Aromatic hydrocarbons

An aromatic hydrocarbon is any hydrocarbon that contains one or more benzene rings in its molecule. The name "aromatic" is historical in origin, and does not at all imply that these compounds have pleasant aromas. Aromatic hydrocarbons are the basis of many aromatic compounds containing other atoms such as oxygen and nitrogen in addition to the carbon and hydrogen that are of extreme biological and industrial importance.

The simplest aromatic hydrocarbon is benzene itself, C6H6, whose molecule is a hexagonal ring of six CH groups. Various carbon-and-hydrogen groups can be substituted for any or all of the hydrogen atoms in benzene to form substituted benzenes. Benzene's own phenyl groups, C6H5, can bond to each other end to end, to form polycyclic (multiple-ring) hydrocarbons, or they can fuse together along the hexagons' sides to form condensed ring or fused ring hydrocarbons.

In this figure, the bonds leading to all the hydrogen atoms are omitted for simplicity as is the usual practice among chemists. Also, the benzene rings are drawn with alternating double and single bonds between the carbon atoms. In reality, however, resonance makes all the carbon-carbon bonds equal at an intermediate value between single and double. Chemists therefore usually draw the benzene ring simply as a hexagon with a circle inside:

TABLE 1. TYPICAL HYDROCARBON MIXTURES OBTAINED FROM THE FRACTIONAL DISTILLATION OF PETROLEUM.
Boiling-temperature range aName of fraction Number of carbon atoms in molecule aUses
a The exact temperature ranges and numbers of carbon atoms differ in different refineries, and according to various legal definitions in various states and countries.
Below 36˚CNatural gas 1-5Fuel; starting material for making plastics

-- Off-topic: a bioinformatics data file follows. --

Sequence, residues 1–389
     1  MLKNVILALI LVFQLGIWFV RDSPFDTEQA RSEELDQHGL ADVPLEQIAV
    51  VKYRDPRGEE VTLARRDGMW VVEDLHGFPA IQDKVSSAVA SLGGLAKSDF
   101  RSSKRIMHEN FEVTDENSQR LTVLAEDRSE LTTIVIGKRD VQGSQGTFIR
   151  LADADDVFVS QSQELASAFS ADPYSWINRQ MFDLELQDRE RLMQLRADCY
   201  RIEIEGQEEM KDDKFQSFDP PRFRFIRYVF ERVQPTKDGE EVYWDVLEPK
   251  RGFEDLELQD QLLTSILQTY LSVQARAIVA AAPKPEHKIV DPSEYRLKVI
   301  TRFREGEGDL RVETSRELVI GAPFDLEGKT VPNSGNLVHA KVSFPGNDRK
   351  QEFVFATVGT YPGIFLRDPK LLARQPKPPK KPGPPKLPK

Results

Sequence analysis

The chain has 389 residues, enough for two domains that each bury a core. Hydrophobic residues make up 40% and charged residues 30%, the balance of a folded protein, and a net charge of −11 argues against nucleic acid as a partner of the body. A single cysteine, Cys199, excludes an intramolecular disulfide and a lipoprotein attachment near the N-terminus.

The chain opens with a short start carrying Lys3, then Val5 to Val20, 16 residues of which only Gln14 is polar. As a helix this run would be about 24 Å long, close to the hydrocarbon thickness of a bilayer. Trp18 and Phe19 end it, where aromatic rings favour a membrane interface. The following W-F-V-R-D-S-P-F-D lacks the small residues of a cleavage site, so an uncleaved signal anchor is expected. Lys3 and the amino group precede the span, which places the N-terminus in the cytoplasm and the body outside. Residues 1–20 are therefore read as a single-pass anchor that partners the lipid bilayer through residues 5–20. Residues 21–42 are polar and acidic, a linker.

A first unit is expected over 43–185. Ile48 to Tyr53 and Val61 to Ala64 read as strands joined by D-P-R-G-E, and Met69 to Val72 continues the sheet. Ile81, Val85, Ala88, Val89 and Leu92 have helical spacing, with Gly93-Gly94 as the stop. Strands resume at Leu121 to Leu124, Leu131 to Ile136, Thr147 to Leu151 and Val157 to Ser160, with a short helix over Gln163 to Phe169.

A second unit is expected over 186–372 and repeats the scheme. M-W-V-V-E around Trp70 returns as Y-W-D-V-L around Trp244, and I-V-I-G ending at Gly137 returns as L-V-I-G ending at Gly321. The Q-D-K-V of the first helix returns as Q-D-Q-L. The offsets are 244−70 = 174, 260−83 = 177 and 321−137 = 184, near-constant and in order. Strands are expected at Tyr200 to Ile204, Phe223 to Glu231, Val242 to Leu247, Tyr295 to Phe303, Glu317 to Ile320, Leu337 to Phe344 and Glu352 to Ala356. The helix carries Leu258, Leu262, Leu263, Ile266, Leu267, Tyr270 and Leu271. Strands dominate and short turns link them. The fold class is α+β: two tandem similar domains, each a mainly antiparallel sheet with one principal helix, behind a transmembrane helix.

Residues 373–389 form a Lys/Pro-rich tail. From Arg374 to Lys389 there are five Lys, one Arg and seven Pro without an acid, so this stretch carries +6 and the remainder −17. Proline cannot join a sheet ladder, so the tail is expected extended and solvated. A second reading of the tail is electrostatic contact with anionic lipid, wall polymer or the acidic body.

40-60˚CPetroleum ether5-6Solvent
70-90˚CNaphtha6-7Solvent; lighter fuel
69-174˚CGasoline6-10Fuel for engines, industrial solvent
174-288˚CKerosene (coal oil)10-16Fuel for lamps, heaters, tractors, jet airplanes
250-310˚CFuel oil (gas oil)15-18Heating oil; diesel fuel
300-370˚CLubricating oils16-20Lubrication
Melts at 40-55˚CPetrolatum (petroleum jelly)17-30Lubrication; ointments
Melts at 50-60˚C Paraffin wax23-29Candles; waterproof coatings
Above 515˚CPitch, tarOver 39Paving, roofing



The hexagon represents the six carbon atoms and their attached hydrogen atoms, while the circle represents all the bonding electrons as if they were everywhere in the molecule at once. In chemists' shorthand, then, naphthalene would be depicted as shown in the above figure.

Among the important substituted benzenes are methyl benzene, commonly known as toluene, and dimethyl benzene, commonly known as xylene. They are both powerful solvents for organic compounds and are used as starting materials for the synthesis of drugs, dyes, plastics , and explosives . Treatment of toluene with nitric and sulfuric acids produces the explosive trinitro-toluene, or TNT.

Among the important condensed ring aromatic hydrocarbons are naphthalene and anthracene whose molecules consist of two and three hexagonal benzene rings, respectively, fused together along one side.

Both are derived from coal tar and are used as starting materials for the synthesis of many useful compounds. Naphthalene is a crystalline solid with a strong, pungent odor; it is used as a moth repellant and a deodorant-disinfectant.


Petrochemicals

Our primary source of hydrocarbons is petroleum or crude oil, that thick, black liquid that we find in the earth . Petroleum consists almost entirely of a mixture of alkanes with some alkenes and smaller amounts of aromatic hydrocarbons. When petroleum is distilled at a series of different temperatures, the lowest molecular-weight hydrocarbons boil off at the lowest temperatures and the higher-molecular-weight ones boil off at successively higher temperatures. This process, called fractional distillation, is used to separate the complex mixture of compounds. The table shows the various hydrocarbon mixtures ("fractions") that distill off in various temperature ranges.